Check Ebay offers
Nikon D780:
Check Amazon price

Other camera comparisons

Did this review help to inform your camera decision process? If you would like to see a different side-by-side camera review, just make a corresponding selection in the search boxes below. As an alternative, you can also directly jump to any one of the listed comparisons that were previously generated by the CAM-parator tool.

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    Specifications: Nikon D1X vs Nikon D780

    Below is a side-by-side comparison of the specs of the two cameras to facilitate a quick review of their differences and common features.

    Camera Specifications
    Camera Model Nikon D1X Nikon D780
    Camera Type Digital single lens reflex Digital single lens reflex
    Camera Lens Nikon F mount lenses Nikon F mount lenses
    Launch Date February 2001 January 2020
    Launch Price USD 5,999 USD 2,299
    Sensor Specs Nikon D1X Nikon D780
    Sensor Technology CCD BSI-CMOS
    Sensor Format APS-C Sensor Full Frame Sensor
    Sensor Size 23.7 x 15.6 mm 35.9 x 23.9 mm
    Sensor Area 369.72 mm2 858.01 mm2
    Sensor Diagonal 28.4 mm 43.1 mm
    Crop Factor 1.5x 1.0x
    Sensor Resolution 5.9 Megapixels 24.3 Megapixels
    Image Resolution 3008 x 1960 pixels 6048 x 4024 pixels
    Pixel Pitch 7.92 μm 5.94 μm
    Pixel Density 1.59 MP/cm2 2.84 MP/cm2
    Moiré control Anti-Alias filter Anti-Alias filter
    Movie Capability no Video 4K/30p Video
    ISO Setting 125 - 800 ISO 100 - 51,200 ISO
    ISO Boost 125 - 3,200 ISO 50 - 204,800 ISO
    Screen Specs Nikon D1X Nikon D780
    Viewfinder Type Optical viewfinder Optical viewfinder
    Viewfinder Field of View 96% 100%
    Viewfinder Magnification 0.53x 0.70x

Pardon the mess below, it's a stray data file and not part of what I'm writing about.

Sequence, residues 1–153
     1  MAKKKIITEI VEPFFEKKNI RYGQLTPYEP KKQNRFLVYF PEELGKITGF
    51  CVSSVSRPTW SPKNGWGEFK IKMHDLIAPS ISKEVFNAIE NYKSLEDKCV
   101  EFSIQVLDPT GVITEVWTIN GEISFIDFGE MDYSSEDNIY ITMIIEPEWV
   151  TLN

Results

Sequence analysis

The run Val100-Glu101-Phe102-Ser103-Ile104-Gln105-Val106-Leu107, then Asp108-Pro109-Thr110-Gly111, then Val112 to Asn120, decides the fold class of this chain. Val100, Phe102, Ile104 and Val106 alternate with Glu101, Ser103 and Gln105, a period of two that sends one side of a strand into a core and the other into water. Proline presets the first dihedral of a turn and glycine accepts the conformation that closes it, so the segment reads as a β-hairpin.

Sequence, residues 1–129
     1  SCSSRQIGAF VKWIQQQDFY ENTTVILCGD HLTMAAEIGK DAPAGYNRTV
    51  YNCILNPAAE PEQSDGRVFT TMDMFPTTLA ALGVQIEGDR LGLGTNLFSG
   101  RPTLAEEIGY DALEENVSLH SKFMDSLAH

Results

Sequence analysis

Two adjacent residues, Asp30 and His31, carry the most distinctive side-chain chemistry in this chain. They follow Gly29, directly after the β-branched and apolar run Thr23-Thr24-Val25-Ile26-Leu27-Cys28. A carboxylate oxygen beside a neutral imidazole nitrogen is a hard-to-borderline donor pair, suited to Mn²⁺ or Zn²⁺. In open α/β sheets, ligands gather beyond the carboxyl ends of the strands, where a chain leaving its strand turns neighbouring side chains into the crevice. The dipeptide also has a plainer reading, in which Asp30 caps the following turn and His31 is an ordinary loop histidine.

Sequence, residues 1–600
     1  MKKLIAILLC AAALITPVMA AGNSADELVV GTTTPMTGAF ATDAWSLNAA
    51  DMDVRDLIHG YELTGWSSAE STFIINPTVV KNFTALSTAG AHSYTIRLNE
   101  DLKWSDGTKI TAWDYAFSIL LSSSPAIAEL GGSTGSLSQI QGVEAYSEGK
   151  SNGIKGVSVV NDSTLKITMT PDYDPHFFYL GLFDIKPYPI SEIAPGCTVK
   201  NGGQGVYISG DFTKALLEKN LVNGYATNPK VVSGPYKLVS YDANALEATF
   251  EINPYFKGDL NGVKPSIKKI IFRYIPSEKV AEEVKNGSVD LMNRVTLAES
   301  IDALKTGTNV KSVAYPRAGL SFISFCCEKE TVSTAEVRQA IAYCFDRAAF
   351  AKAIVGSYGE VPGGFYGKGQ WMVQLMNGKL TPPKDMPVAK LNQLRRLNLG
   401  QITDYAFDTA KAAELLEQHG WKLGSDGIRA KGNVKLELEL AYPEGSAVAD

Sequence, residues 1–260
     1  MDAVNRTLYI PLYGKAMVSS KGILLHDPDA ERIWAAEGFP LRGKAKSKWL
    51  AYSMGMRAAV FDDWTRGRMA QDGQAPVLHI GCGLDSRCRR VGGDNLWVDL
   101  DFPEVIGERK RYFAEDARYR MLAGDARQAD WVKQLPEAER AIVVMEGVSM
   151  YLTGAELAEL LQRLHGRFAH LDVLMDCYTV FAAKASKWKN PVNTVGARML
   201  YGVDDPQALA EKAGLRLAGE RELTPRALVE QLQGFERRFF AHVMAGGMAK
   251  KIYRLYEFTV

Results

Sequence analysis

Top-Level Screen Control Panel Control Panel
    LCD Framing Live View
    Rear LCD Size 2.0inch 3.2inch
    LCD Resolution 120k dots 2359k dots
    LCD Attachment Fixed screen Tilting screen
    Touch Input no Touchscreen Touchscreen
    Shooting Specs Nikon D1X Nikon D780
    Focus System Phase-detect AF Phase-detect AF
    Manual Focusing Aidno Peaking FeatureFocus Peaking
    Max Shutter Speed (mechanical) 1/16000s 1/8000s
    Continuous Shooting 3 shutter flaps/s 12 shutter flaps/s
    Time-Lapse Photographyno IntervalometerIntervalometer built-in
    Fill Flash no On-Board Flash no On-Board Flash
    Storage Medium CF cards SDXC cards
    Second Storage Option Single card slot Dual card slots
    Connectivity Specs Nikon D1X Nikon D780
    External Flash Hotshoe Hotshoe
    Studio Flash PC Sync socket PC Sync socket
    USB Connector Firewire USB 3.1
    HDMI Port no HDMI mini HDMI
    Microphone Port no MIC socket External MIC port
    Headphone Socket no Headphone port Headphone port
    Wifi Support no Wifi Wifi built-in
    Bluetooth Support no Bluetooth Bluetooth built-in
    Body Specs Nikon D1X Nikon D780
    Environmental SealingWeathersealed bodyWeathersealed body
    Battery Type EN-4 EN-EL15b
    Battery Life (CIPA)1200 shots per charge2260 shots per charge
    In-Camera Charging no USB charging USB charging
    Body Dimensions 157 x 153 x 85 mm
    (6.2 x 6.0 x 3.3 in)
    144 x 116 x 76 mm
    (5.7 x 4.6 x 3.0 in)
    Camera Weight 1100 g (38.8 oz) 840 g (29.6 oz)

    Did you notice an error on this page? If so, please get in touch, so that we can correct the information.